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Deadlines govern post-life business

An important part of estate planning and settling an estate is meeting legal deadlines. Selection of a competent executor in this life helps prevent litigation and other confusion after the testator is gone.

The estate's size plays a large role with the time it will take to settle. Typical estates comprised of bank accounts, a home, car and personal possessions are comparatively simple and take less time. However, ownership of small businesses, several property holdings or complex investments take longer to resolve for proper distribution. If the decedent died without a will, additional time may be needed for court-appointment of an administrator and more court supervision.

Time and work is also required if the decedent kept inadequate or disorganized records of the estate's assets. When this occurs, it may take several months to locate all estate assets and debts.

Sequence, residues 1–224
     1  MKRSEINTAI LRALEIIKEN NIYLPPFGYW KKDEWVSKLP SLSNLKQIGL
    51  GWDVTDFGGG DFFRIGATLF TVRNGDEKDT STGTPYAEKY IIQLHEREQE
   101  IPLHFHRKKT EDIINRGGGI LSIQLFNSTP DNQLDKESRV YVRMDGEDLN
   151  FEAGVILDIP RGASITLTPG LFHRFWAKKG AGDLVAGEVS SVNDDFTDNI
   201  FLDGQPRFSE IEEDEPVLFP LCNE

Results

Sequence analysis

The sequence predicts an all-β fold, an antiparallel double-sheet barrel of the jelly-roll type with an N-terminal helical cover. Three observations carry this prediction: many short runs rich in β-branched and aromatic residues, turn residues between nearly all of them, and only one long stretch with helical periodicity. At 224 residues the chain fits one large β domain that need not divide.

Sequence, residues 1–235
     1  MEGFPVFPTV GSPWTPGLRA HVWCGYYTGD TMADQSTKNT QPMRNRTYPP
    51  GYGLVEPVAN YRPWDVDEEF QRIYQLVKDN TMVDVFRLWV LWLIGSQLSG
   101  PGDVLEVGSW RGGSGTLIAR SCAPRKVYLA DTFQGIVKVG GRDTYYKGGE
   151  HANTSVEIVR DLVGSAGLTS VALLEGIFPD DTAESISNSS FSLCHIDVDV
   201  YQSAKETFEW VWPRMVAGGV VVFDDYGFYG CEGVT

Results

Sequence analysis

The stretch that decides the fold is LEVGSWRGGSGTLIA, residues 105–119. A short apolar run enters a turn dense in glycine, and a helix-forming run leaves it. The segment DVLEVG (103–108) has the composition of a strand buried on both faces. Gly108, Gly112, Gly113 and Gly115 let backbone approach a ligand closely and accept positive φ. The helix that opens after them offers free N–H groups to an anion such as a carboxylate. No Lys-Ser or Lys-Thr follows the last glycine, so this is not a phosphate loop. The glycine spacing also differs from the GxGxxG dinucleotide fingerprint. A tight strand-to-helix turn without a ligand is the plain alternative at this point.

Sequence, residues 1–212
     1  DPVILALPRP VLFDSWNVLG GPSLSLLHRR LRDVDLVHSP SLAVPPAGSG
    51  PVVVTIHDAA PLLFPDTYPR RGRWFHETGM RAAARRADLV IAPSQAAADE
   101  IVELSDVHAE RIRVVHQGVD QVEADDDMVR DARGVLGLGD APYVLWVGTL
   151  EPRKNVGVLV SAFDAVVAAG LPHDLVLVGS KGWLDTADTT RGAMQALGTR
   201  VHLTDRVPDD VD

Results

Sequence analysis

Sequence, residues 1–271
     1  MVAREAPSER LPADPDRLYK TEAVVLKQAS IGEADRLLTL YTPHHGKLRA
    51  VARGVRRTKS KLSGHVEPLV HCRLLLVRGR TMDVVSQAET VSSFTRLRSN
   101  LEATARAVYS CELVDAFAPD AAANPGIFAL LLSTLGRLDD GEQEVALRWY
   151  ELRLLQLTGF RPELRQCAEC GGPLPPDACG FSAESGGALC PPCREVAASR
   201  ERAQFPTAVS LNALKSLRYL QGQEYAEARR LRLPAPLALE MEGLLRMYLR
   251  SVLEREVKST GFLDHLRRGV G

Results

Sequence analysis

Probate court governs actions for closing the decedent's estate and assures, among other things, that the decedent's assets are properly distributed to the beneficiaries named in the will. The probate process begins when the will is filed with that court.

The probate court governs its own pace. It will decide when it will take certain actions that are needed for settling an estate such as issuing letters of testamentary that are needed for resolving assets such as bank accounts, vehicles, real estate and stock. However, the probate court has the power to control the executor's duties such as distribution of the estate's assets after an accounting was performed.

To avoid delay and probate litigation, the testator can utilize other mechanisms to distribute their assets without undergoing probate. One method includes the creation of a trust.

Family members and other beneficiaries can also delay settlement and it is important for executors to remain objective and keep them informed about the progress of settling the estate. Their grief, disputes over the will and other family issues can slow down matters. Other beneficiaries may not be located.

A qualified estates attorney can help draft a valid will and other important documents and take other steps to expedite settlement and prevent disputes. A lawyer can also assist executors with proper settlement.

Source:, "How quickly do I need to settle an estate?" By Patrick O'Brien, Oct. 30, 2017

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